Part 2- Competition in Kansas here we come!

So to continue and complete the story of the hammer dulcimer contest in Kansas, Wednesday morning we packed the car to the brim with a large tent, 5 days of clothing and one 91stringed instrument and headed west! 

Earlier in the week we had prayed, asking the Spirit to show me which songs to perform, and in what order. He faithfully gave us a game plan and so we headed forth in hope and faith that if we would obey the Father would meet us.

(By the way the photo album at the top of the member's page shows you a timeline of what took place. We really enjoyed the freestyle road trip, stopping for lunch as we wished and winding our way to Kansas. :) Take a peek at those after you read this blog and you'll get the full scope of things.)

When we arrived at the festival entrance Thursday afternoon we were wowed by the size of the event- there must have been 3000 camping units already set up and more pouring in as the weekend approached. I spent the next 2 days observing the other competitions, eating fair food, studying my Bible and meeting our camp neighbors. I believe it was on Thursday that I learned I should keep my 2 songs in each round to a total of 5 minutes. "Crap!" I thought, since my first song alone was 4 minutes. So I went back to camp, sat at the dulcimer and began paring my songs down to their core so that I was still using the unique elements that highlighted (or should it be highlit?)  my abilities, without letting the songs drag on. After that was completed I felt ready to take on the world. I believe my words to Donna were, "I'm as ready as I'm gonna get!"

Saturday morning I tuned up, packed up the tent and then went to get lunch, praying that my nerves would settle and I would be able to meet some of the other contestants before the playing began at 3:30pm. Sure enough around 2 I saw a couple with a large dulcimer case in hand entering the performance area to tune up. After all the secrecy of not knowing who was judging, who was competing and who the audience would be, it was nice to finally have some names and faces! This national competition is unique in that the judges are sequestered and never watch the performances but only listen with a technical ear. It makes for a very fair and unbiased contest but wow does that element of the unknown add suspense!

For the first round I played two of my original compositions from the Songs From Walnut Valley CD, Storm and My Fathers's Song. I played well but struggled to get my rhythm solid on the first song. My hand was shaking so much that at one point I could not bend a note that I intended to. Adrenaline is a whole body experience, let me tell you! I left the stage unsure if I would be advancing to the second round simply because I did not nail the passion of the songs as I usually do and the other competitors were playing with a high level of accuracy. My humble opinion is that 2010 was a year of very strong competitors! It is an honor to be counted among them. As I walked off the stage I thought, "I've hated every nervous minute of this, but if I don't advance to the final round, I'm coming back next year! I want this!" I headed backstage and began tuning in faith that I would be called upon to play my last two numbers...and lo and behold I was!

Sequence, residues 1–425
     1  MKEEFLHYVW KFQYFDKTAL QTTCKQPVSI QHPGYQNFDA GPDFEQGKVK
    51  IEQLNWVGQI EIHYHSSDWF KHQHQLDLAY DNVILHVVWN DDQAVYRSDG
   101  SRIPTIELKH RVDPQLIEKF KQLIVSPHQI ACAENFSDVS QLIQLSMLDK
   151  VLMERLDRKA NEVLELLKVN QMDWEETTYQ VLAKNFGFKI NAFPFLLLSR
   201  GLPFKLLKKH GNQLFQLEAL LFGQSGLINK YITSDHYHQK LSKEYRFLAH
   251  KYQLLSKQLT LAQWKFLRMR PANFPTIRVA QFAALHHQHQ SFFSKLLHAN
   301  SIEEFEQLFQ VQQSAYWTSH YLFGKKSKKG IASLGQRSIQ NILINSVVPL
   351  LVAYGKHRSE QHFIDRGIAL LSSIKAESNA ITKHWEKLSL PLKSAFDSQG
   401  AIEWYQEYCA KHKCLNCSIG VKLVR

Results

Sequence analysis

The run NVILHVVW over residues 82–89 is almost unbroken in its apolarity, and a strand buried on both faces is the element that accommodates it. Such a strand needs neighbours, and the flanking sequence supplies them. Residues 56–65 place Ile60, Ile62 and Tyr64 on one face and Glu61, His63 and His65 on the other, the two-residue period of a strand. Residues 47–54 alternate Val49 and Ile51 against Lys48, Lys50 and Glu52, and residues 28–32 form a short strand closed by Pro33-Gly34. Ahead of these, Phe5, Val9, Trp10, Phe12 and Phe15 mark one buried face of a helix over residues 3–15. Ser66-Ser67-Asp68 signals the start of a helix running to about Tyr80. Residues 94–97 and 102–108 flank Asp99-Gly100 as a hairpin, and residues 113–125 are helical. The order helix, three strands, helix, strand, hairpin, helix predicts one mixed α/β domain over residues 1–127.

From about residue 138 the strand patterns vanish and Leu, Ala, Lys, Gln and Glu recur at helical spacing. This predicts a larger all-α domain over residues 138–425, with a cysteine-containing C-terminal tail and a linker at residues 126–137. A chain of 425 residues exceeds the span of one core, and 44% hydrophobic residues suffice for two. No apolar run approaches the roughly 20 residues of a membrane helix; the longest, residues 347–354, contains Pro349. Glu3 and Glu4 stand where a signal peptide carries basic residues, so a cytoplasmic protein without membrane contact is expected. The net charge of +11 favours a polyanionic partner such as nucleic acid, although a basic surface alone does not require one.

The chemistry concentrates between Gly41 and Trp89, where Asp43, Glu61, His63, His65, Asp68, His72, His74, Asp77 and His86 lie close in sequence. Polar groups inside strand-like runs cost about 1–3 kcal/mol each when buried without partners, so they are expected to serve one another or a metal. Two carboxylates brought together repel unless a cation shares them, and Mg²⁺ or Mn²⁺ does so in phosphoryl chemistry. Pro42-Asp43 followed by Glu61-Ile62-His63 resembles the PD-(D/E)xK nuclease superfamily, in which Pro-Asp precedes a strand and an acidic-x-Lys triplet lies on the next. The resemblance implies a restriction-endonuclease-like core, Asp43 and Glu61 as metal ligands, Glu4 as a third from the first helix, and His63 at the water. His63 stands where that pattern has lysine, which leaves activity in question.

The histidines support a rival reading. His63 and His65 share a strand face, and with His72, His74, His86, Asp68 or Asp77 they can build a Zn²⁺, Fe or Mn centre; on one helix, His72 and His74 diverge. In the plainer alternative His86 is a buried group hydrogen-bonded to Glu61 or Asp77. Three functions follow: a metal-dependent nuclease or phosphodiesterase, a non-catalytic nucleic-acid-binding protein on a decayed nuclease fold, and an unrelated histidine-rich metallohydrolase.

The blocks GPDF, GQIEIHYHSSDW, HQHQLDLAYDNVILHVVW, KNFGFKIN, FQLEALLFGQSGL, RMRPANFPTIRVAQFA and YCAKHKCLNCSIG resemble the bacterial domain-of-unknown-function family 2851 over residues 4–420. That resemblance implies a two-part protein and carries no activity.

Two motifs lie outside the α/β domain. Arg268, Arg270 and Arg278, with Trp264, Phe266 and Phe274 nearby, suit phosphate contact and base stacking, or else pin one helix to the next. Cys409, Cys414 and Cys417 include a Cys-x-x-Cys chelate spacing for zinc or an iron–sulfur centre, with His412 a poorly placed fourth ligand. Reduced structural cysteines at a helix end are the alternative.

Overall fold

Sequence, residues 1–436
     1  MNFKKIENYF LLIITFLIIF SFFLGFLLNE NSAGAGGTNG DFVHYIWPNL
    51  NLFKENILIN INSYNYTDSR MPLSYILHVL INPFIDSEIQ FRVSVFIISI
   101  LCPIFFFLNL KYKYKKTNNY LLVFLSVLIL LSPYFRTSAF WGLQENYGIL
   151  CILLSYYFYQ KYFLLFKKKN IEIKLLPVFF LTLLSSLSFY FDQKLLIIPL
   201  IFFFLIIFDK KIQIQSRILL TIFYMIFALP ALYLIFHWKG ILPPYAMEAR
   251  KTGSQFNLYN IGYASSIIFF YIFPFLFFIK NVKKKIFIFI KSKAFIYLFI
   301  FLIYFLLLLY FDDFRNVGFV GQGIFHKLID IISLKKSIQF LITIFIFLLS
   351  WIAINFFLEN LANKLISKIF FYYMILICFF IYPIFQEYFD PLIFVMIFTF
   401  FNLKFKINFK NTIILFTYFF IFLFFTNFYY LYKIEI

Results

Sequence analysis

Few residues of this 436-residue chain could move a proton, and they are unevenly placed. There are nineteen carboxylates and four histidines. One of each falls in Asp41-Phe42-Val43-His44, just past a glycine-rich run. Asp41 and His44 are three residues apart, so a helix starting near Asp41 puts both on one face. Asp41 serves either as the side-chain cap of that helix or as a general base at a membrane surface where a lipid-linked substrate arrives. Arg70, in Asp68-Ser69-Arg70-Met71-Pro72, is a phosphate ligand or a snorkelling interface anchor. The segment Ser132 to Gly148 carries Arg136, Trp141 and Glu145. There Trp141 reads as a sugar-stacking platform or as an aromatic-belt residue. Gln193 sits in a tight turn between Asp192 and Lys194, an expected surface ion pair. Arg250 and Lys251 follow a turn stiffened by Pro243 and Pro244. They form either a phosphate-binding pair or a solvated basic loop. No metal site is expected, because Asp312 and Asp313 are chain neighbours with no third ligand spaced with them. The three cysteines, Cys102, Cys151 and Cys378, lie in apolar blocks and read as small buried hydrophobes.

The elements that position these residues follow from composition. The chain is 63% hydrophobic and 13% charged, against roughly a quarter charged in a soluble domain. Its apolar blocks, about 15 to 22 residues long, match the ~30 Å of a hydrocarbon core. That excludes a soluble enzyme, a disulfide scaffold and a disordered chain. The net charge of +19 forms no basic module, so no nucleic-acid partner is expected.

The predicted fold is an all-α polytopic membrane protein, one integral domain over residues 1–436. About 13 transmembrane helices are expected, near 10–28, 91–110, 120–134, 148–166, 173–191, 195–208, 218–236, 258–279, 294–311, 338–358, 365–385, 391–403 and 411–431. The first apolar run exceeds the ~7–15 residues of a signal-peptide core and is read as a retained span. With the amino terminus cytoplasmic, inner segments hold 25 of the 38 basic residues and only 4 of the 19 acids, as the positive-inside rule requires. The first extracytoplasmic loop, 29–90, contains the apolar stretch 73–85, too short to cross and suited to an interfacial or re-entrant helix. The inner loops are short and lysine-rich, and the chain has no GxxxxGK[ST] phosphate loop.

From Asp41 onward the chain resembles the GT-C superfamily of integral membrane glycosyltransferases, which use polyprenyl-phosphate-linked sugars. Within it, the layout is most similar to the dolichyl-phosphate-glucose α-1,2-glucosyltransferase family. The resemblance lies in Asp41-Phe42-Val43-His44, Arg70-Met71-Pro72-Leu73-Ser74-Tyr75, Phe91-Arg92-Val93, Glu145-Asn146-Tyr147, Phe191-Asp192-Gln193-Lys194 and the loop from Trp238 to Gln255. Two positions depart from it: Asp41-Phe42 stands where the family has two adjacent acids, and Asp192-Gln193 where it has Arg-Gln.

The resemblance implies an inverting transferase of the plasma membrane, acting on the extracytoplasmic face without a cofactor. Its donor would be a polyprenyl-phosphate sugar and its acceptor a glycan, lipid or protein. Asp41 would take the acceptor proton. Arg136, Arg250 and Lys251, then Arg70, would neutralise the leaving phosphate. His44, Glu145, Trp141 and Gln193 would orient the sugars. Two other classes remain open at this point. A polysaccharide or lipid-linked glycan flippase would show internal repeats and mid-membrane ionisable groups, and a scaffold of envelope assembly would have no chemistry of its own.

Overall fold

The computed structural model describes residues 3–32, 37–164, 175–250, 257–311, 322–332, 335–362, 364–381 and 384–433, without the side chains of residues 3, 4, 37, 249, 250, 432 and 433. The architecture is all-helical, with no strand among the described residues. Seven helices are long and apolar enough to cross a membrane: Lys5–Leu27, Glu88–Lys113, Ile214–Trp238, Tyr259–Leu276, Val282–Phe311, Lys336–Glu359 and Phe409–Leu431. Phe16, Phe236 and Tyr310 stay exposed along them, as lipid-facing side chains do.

I was elated when my number was called as a finalist- "I have one more shot," I thought. "This is my moment to nail it!" I drew number 6 which meant I was the one closing out the show. Great! More time to tune. After tuning I laid down and waited for my moment, working hard at not listening to the competition or trying to gauge my popularity with the crowd.

My final two pieces were Moon On The Water and Bach's Prelude to Cello Suite, (also on the Songs From Walnut Valley CD). I have to share a few details about these because a surprise or two even jumped out and  caught me as I played. On the first number one of my hammers became tripped up in a string and I dropped it on the dulcimer. I have never done this in performance before and hope to never do it again! Somehow God gave me the presence of mind to continue playing a few measures with my right hand until I could scoop up the hammer again with my left. Boy did it feel good to reach the end of the song with both hammers in hand! The former champions sitting up in the front rows saw what occured but Donna, who was sitting about 8 rows back, had no idea that it even happened. To top things off I also lost my place on the second song but somehow continued playing notes in the right key long enough to get to where I remembered my next line and finished the song without further ado. Did I mention that adrenaline does funny things?